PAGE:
It seems that the legislation that would make Internet service providers responsible for logging relevant information about users for a period of 18 months, has hit a road block. A previous supporter of the bill, Rep. F. James Sensenbrenner, isn’t happy with the bill as it stands right now and insists, “It’s not ready for prime time.”
The bill in question would require ISPs to hold onto a log containing at least the temporary internet address assigned to users, for a period of 18 months. The one exception that is proving to be problematic is if the service provider was a wireless carrier, in which case they are exempt from this proposed legislation.
The fact that Sensenbrenner is unhappy with the bill as it has been proposed is a bit surprising. Sensenbrenner has been a supporter of this type of legislation and in 2006, drafted a bill that was very similar and would require ISPs to log whatever data was deemed necessary by the attorny general. The penalty in that legislation would be jail time for ISPs that did not comply.
At a subcommittee meeting just today issues were expressed by many regarding the language of the legislation. What was the biggest issue? The fact that wireless providers were exempt. The official sponsor of the bill, Judiciary chairman Lamar Smith, expressed this succinctly stating they want to “figure out a way so that we do not exempt wireless providers.” The wireless provider exemption was especially problematic right from the beginning and is rumored to have come from lobbying on the part of the wireless carriers.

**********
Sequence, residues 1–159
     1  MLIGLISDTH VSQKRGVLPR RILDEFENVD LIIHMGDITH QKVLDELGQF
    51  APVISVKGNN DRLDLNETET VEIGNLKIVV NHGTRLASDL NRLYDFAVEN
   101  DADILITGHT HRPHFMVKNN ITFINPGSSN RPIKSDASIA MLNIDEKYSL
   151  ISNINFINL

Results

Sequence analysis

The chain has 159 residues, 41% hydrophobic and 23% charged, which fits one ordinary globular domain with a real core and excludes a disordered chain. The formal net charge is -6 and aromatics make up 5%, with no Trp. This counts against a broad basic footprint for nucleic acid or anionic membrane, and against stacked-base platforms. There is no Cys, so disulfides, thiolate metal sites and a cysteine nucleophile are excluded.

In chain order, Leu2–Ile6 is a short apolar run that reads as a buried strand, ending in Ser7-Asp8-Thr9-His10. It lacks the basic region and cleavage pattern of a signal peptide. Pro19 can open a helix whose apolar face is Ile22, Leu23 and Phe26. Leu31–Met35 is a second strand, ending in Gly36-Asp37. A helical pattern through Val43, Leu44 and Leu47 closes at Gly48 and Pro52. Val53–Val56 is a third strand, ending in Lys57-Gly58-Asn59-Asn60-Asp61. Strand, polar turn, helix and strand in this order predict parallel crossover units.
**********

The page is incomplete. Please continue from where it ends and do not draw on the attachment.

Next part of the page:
Another issue was also raised about forcing ISPs to log customer information for the 18 month period. It was brought to the committee’s attention by a Democrat from Michigan Rep. John Conyers. Conyers is concerned because the aim of the bill is to protect children from internet pornographers (the title of the bill in fact) but the data could potentially be used to prosecute a number of other crimes.
“The bill’s title, Protecting Children From Internet Pornographers Act, is a misnomer because the legislation is really not about those types of crimes at all,” the Democrat said. “Because if it were, it would certainly not contain a broad exemption for the largest Internet service providers such as AT&T, and it would target child exploitation.”
The bill in it’s current form has received support from law enforcement including the National Sheriff’s Office and the The National Center for Missing and Exploited Children, however these organizations seem to be the only ones supporting the legislation as is. The Electronic Privacy Information Center is pushing for a rewrite of the bill with their executive director, Marc Rotenberg explicitly stating his concerns over the current wording,
“Although this data retention requirement has been introduced as part of a bill focused on child sexual exploitation, there is no evidence to suggest that the majority of law enforcement requests for customer subscriber information relate to child protection cases. Congress showed great wisdom in the past by requiring the creation of annual reports that detail the use of wiretap authorities.
Child pornography is certainly a substantial and difficult issue. But the data retention solution proposed in this bill is overly expansive and invasive. This collection of user data will, in fact, create a new threat for millions of internet users: the threat of dragnet law enforcement and data breaches. The experience with Europe is telling.”
It seems clear that with the bill’s primary supporting expressing concerns this legislation won’t be passed in it’s current state. Will the scope of the bill be expanded beyond child protection or will it be contracted to better suit it’s name? More importantly are wireless carriers going to be included in this whole fiasco?